Townhouse development following worldwide trend

Up-to-$3.6million apartments are being built with views over Lake Wanaka. PHOTO: MARK PRICE
Up-to-$3.6million apartments are being built with views over Lake Wanaka. PHOTO: MARK PRICE
With the average price for a house in Wanaka now standing at $1.2 million, Mark Price spoke to developer Matt Tuck, who is operating at both ends of the market.

Developers of 42 townhouses in Albert Town are banking on a relatively new trend in holiday house ownership in Wanaka.

Gone are the days, it seems, when Dunedin and Invercargill residents dashed off on Friday afternoon to their Wanaka crib to mow lawns and repair frost-damaged pipes.

What they want now is a townhouse to use for a few weeks of the year, which they can rent to tourists to pay the mortgage the rest of the time.

That is what a group of Auckland, Queenstown and French Polynesian investors, led by Wanaka developer Matt Tuck, put on the market earlier this month, and 30 of the 42 townhouses are able to be used for visitor accommodation.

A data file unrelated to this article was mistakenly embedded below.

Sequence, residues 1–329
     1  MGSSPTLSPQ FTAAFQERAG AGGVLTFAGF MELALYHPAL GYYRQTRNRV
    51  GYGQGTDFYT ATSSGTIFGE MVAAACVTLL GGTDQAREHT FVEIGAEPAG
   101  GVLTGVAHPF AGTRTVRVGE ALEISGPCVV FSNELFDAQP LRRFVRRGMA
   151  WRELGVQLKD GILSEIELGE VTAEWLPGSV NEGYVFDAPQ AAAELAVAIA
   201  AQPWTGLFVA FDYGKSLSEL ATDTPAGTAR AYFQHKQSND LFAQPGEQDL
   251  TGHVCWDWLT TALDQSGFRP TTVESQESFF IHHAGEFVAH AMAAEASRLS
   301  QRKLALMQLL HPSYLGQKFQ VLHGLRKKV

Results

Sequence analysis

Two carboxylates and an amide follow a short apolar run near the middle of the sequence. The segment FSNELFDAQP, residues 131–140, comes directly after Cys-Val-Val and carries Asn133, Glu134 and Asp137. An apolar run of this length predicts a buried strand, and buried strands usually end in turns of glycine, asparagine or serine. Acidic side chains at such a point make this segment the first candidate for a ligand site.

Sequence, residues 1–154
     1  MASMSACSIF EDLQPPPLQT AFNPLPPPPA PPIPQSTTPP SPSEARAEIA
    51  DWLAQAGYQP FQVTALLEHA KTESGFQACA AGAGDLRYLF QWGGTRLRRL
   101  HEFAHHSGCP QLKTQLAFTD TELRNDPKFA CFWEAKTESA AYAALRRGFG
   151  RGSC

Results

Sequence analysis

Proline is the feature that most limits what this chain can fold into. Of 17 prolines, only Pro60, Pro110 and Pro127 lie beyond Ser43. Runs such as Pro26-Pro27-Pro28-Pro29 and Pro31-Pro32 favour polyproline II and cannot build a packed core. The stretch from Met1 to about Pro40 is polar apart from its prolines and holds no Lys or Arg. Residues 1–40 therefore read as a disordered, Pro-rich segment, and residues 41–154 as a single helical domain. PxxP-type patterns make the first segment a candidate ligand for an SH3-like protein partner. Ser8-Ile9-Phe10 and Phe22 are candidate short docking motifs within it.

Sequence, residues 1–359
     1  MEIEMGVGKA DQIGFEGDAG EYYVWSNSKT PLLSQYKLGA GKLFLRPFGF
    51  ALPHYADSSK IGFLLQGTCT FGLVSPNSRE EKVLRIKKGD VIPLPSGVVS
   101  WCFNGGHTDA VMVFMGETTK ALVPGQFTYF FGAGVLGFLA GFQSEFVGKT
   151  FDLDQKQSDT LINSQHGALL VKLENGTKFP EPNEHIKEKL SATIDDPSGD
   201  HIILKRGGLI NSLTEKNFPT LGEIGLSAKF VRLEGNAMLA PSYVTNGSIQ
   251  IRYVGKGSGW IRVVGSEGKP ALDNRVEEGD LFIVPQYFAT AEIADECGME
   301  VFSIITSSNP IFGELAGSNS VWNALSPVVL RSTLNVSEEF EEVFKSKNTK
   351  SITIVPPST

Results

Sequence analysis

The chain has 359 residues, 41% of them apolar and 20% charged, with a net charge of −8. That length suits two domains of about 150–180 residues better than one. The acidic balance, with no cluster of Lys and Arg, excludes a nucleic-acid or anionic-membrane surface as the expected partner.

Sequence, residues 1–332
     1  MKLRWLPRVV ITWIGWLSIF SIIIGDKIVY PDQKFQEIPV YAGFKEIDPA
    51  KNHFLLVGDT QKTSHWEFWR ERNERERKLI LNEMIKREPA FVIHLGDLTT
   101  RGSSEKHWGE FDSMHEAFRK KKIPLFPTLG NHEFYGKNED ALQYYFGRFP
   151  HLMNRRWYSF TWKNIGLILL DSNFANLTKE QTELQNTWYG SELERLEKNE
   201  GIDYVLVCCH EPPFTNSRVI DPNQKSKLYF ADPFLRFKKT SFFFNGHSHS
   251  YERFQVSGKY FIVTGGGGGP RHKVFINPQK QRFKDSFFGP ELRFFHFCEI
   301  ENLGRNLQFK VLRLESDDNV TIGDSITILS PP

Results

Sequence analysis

Real Estate Institute of New Zealand spokeswoman Gail Hudson believes such developments, although still relatively rare in Wanaka, are part of a world-wide trend.

"People want to spend more time doing leisure things.

"A million years ago, people had Saturday and Sunday off and so they would mow the lawns, clean the car, clean the house.

"Life's not like that any more."

Ms Hudson said people working longer hours and weekends had "lost patience" with lawns and hedges.

"They want to enjoy themselves."

Prices for a townhouse on The Riverside Residence development next to the pub and shop at Albert Town begin at $399,000 plus GST, which Mr Tuck believes provides a cheaper way into the Wanaka housing market than standalone houses.

And, he says, they were $50,000 and $100,000 cheaper to build than apartments, because of different fire, stairway and pathway requirements.

"By eliminating all of those, I'm quite sure we've created a much better product at a lower price."

The townhouses were also on individual freehold titles and there were no body-corporate fees.

"There are a lot of people out there that don't like the uncertainty of what a body corporate might bring."

The first stage is due for completion in March next year.

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